Identifying the genes behind venom production

New technique to revolutionize venom research.

Thanks to a new technique, determining the unique venom production of a wide range of venomous animals becomes possible in an animal-friendly manner. An international team of scientists has come up with an innovative, animal-friendly manner for studying venom genes.

Using this technique, scientists were able to find the blueprints for proteins in scorpion venom. The blueprints reveal the genes at play during venom production.

Scientists dubbed this technique transcriptomics. It allows scientists to examine patterns of gene expression. Unlike previous techniques for venom research, this new technique is far easier, purer, and more specific.

Scientists noted, “What makes this approach unique is that the technique has been successfully applied for the first time on the actual venom instead of on venom gland tissue. This means that animals no longer need to be sacrificed to study the gene expression of the venom gland. The method offers many new possibilities for venom research.”

Freek Vonk, professor at the VU and researcher at Naturalis, said, “Thanks to this technique, we can very precisely see which genes are active at various moments during the venom production. This snapshot offers the very first possibility to study how various influences, such as nutrition, season, and age, influence the venom production in a single individual.”

“It is now possible to investigate which variations exist in the venom and which factors can influence these variations. Every venom contains tens to more than hundreds of different venomous substances, also called toxins, produced by the venom gland. After a bite or sting, these can have a toxic effect on various systems, such as the nerve endings or blood circulation.”

Mátyás Bittenbinder, venom expert and Ph.D. student at Naturalis and the VU, said, “Venomous animals produce venom in different ways. Some animals, such as snakes and centipedes, have venom-producing cells that issue their venom to the storage space in the venom gland in small vesicles, which results in a relatively ‘clean’ venom.”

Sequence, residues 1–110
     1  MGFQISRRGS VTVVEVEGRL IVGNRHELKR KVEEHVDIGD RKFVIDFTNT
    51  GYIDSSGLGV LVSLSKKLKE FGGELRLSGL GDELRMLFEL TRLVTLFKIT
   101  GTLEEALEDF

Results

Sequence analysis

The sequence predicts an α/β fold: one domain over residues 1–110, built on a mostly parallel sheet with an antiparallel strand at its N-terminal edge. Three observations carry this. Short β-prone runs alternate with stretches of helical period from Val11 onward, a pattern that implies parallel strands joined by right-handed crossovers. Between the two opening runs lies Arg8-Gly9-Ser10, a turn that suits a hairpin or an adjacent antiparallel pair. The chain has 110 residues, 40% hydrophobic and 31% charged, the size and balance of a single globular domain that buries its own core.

“Other animals, such as scorpions, allow their venom gland cells to be ‘cut off in pieces or even completely disintegrate in the venom storage space and therefore produce a venom that contains many cells remains. Those cell remains contain the substances on which we can perform transcriptomics: mapping which genes are activated to produce which proteins.”

Arie van der Meijden said“The manner of venom production probably explains why the new technique does not work on snakes. Conversely, the technique now makes it possible to study the venom variations in a large number of venomous animals that have scarcely ever, if at all, been studied, such as scorpions, fish, and even the platypus.”

“We can do even better research into how animals produce venom. And that is particularly useful; the toxins in the venom are an important source for finding new, potential drugs, such as drugs to treat cardiovascular diseases.”

Journal Reference:

  1. Freek J. Vonk, Matyas A. Bittenbinder et al. A non-lethal method for studying scorpion venom gland transcriptomes, with a review of potentially suitable taxa to which it can be applied. DOI: 10.1371/journal.pone.0258712

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